Guam - "This place helps you, it helps you realize that you have all these privileges out there and for you to come in here because you are acting stupid or messing up in the community, they take it away," said Jennifer, a 17-year-old client at the Department of Youth Affairs.
"This is a good skill because if you are going to be a good filmmaker or you have something you want someone to invest in, you've got to say, 'This is who I am, this is what it's about, they are very important life skills to have'," said Los Angeles-based filmmaker Alex Munoz, who was born and raised on Guam. He founded the Films by Youth Inside program in 2003, which teaches youth offenders the art of filmmaking.
"It talks about real life situations so is it fiction or non-fiction? What is non-fiction? Real, true," he said. Munoz says scripting out your real life story on paper and then transforming it into film is cathartic for the at risk youth in the program. And that looking at the self exposed creates a deeper level of understanding.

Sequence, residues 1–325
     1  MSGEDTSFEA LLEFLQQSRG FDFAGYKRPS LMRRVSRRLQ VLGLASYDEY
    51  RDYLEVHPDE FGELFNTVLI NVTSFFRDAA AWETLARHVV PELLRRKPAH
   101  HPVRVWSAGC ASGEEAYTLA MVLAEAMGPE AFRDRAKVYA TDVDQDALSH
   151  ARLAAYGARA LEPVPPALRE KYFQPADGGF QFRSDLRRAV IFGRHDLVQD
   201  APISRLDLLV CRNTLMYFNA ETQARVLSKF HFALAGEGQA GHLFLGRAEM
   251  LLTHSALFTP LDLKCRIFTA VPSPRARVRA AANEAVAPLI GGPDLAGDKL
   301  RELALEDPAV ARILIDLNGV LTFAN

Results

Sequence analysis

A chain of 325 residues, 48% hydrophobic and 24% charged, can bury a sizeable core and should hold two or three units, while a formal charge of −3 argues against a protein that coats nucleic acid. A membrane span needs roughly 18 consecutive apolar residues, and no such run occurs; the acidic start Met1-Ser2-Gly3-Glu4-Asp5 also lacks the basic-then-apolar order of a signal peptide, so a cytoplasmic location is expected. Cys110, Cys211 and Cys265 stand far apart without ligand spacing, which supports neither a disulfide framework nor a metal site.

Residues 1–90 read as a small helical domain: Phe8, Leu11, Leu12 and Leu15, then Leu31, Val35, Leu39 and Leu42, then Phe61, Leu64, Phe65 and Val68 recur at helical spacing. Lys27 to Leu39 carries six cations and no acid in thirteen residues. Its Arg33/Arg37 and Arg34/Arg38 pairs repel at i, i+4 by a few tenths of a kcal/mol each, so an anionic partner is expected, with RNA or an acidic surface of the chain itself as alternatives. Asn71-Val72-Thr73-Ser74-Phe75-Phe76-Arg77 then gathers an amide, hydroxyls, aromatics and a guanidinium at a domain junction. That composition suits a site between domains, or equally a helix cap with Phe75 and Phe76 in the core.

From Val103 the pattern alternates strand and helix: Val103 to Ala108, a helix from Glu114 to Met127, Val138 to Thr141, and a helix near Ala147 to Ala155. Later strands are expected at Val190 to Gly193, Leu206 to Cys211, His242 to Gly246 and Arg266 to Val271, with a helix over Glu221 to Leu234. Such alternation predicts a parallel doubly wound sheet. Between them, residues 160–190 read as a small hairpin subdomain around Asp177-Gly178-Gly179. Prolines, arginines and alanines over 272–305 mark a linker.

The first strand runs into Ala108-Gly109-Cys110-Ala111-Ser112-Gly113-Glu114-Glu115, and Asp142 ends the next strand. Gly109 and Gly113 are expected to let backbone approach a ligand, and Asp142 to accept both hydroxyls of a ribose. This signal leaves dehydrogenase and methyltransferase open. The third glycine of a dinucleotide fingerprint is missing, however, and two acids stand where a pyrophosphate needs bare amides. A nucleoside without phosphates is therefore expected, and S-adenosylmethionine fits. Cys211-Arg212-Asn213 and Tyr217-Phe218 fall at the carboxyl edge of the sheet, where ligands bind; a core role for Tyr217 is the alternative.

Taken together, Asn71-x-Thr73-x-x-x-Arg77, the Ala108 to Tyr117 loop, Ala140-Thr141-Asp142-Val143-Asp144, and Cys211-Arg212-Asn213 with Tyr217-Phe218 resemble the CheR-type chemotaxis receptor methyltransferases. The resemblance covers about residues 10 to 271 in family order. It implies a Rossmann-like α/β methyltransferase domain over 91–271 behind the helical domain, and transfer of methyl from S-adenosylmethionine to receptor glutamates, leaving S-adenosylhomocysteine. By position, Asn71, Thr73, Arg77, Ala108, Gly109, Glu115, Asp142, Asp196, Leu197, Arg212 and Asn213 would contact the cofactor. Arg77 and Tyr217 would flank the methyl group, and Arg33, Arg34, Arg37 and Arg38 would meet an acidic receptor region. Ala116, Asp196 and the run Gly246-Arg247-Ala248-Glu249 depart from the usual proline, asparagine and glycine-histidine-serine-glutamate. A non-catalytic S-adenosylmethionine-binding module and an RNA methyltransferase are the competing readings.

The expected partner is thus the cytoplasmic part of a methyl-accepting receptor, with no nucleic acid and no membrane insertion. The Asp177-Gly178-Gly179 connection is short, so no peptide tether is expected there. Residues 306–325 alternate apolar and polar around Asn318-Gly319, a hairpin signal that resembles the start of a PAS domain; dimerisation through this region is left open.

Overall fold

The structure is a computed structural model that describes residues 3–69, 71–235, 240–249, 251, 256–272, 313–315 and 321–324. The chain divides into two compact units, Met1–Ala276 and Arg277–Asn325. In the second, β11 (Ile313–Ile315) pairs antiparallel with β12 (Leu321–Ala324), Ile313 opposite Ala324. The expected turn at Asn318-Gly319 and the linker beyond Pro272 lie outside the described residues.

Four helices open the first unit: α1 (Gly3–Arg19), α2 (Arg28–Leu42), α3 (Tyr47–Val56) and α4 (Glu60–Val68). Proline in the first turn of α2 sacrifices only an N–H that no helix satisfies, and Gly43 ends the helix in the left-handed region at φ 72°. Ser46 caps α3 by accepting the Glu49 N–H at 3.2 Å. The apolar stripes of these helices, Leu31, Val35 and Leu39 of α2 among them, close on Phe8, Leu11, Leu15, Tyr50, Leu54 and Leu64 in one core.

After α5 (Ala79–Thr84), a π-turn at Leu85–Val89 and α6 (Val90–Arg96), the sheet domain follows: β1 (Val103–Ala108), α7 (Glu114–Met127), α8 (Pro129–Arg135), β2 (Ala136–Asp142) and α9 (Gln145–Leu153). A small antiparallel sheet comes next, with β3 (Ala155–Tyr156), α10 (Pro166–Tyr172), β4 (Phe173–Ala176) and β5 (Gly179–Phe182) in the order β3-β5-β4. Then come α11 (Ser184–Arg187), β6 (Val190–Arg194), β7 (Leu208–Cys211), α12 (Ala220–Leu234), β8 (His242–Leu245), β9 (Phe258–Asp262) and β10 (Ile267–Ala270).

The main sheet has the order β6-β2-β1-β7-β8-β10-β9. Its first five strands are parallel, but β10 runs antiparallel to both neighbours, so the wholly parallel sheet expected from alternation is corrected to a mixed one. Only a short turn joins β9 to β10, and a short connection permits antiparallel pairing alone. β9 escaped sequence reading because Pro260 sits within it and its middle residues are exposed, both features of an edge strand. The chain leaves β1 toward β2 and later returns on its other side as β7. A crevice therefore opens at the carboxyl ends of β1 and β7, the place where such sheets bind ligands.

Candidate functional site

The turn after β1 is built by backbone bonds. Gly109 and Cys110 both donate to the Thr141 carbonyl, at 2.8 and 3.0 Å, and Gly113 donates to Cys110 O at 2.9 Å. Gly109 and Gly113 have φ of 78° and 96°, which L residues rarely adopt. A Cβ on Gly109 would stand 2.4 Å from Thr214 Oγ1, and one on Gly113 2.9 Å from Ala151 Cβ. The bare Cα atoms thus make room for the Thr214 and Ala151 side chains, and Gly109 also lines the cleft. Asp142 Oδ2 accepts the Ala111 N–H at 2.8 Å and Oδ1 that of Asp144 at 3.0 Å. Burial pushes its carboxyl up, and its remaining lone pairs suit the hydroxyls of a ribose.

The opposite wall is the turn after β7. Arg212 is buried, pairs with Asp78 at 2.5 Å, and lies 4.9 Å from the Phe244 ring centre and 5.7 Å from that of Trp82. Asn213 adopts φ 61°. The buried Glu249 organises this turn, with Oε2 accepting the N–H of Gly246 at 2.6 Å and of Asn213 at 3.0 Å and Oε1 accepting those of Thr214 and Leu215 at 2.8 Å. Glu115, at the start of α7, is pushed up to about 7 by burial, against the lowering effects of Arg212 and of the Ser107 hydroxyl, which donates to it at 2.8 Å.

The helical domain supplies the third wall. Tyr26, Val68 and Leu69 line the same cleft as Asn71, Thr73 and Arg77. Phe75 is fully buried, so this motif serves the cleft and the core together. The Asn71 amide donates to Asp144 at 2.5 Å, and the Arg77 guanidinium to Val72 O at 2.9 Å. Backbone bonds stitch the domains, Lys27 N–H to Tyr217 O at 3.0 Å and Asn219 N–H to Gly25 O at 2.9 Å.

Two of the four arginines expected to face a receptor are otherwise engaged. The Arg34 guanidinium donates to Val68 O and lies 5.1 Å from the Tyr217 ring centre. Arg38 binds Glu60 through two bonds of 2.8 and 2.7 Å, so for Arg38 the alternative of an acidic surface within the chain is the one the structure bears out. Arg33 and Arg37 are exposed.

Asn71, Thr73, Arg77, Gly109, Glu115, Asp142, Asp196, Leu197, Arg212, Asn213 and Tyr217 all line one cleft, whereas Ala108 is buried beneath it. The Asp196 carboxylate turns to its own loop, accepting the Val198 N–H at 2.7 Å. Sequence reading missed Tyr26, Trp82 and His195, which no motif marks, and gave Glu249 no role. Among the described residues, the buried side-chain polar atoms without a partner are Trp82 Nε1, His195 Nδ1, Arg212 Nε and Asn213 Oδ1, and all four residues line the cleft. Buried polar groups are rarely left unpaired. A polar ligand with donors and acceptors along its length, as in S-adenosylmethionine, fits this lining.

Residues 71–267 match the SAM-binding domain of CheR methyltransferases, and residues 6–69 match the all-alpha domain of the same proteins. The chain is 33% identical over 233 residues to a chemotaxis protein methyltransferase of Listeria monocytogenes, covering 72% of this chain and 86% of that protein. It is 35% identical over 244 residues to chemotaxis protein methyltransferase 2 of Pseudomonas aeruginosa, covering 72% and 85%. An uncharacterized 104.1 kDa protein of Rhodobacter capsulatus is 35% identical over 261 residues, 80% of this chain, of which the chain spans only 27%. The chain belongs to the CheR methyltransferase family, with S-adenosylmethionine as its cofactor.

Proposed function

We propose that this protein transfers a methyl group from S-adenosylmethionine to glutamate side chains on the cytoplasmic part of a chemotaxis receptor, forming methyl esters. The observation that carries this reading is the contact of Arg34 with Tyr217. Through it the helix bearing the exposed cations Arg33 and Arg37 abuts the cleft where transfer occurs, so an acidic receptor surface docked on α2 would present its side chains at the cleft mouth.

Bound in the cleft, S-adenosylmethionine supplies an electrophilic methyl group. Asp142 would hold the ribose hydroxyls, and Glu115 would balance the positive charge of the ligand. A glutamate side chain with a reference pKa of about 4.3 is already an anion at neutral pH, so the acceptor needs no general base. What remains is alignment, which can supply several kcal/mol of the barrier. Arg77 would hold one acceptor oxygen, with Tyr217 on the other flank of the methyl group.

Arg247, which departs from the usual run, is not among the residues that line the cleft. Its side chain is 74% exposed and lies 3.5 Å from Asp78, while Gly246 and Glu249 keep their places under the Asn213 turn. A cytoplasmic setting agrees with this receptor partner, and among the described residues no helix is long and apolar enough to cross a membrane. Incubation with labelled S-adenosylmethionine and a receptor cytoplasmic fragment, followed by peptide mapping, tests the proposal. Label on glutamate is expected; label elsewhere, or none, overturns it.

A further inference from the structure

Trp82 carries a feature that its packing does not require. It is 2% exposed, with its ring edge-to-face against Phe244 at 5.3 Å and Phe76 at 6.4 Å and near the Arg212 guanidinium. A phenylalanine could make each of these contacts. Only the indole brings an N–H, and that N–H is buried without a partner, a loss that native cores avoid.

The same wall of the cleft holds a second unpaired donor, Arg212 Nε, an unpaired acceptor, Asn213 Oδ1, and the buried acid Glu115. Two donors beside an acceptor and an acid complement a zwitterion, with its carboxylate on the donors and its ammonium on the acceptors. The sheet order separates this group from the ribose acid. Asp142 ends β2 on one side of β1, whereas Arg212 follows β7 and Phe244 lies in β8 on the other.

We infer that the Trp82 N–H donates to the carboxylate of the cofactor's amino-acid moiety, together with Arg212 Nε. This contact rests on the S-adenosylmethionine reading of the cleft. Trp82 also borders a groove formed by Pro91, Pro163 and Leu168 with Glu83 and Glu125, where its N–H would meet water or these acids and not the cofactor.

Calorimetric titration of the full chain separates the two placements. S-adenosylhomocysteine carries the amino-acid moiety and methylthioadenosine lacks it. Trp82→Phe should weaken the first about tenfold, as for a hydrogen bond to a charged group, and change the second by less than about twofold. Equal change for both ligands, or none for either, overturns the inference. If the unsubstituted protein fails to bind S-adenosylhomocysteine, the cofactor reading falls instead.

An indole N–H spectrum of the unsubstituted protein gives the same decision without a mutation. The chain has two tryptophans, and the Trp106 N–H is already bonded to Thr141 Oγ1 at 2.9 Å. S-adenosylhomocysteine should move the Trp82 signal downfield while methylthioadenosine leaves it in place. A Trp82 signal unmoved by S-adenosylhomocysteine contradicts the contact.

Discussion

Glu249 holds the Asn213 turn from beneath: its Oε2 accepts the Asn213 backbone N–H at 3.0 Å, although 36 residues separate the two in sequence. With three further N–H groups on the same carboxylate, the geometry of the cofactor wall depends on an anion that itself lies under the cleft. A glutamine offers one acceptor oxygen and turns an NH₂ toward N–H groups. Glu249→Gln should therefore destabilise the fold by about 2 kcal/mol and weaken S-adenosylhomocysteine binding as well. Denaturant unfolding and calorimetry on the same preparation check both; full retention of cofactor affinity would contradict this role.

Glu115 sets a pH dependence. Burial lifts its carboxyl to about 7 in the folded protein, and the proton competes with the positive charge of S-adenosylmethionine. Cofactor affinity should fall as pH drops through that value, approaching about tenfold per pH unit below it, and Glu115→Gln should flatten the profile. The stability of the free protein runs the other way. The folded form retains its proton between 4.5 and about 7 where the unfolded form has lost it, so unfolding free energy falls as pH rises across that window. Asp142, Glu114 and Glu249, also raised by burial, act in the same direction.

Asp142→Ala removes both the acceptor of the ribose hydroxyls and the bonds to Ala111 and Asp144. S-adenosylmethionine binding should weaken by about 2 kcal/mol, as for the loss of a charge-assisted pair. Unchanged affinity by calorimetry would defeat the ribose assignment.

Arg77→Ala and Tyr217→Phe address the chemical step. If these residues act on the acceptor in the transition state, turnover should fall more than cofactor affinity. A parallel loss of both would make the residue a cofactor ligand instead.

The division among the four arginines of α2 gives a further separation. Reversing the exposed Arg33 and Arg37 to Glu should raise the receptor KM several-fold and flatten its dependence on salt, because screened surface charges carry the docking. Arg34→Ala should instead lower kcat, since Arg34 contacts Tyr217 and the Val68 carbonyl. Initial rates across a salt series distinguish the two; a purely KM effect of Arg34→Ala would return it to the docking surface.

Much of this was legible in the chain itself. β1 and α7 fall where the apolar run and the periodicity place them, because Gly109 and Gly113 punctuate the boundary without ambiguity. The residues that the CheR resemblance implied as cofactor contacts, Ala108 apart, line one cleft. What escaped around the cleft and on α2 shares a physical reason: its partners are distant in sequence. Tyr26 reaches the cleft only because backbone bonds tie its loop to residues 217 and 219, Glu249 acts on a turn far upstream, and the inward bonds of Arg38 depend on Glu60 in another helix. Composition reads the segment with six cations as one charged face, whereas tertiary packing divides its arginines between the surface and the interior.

Munoz teamed up with local filmmakers like Ben Salas - an FYI instructor for the DYA project. "It's one thing to experience it yourself, it's another thing to actually see that transformation in other young people," he said.
Studies conducted by the rand corporation found that 44% of individuals who participate in this program have a lower recidivism rate. "It builds your confidence, it builds my confidence. Ok, I can do this. I was motivated. I was inspired. There's also so much fun you can have with it," he said
Several films that Munoz oversaw for the DYA project last fall were selected for the 2010 Asian Pacific Film Festival, kicking off May 1 in Los Angeles. KUAM News will also broadcast the films during Law Week. "The storyline reflected students own travails, circumstances and temptations, 'you stole it'," said Munoz.
In an effort to organically grow the local film industry on Guam - Munoz has plans to return to Guam at the end of the summer and film a documentary.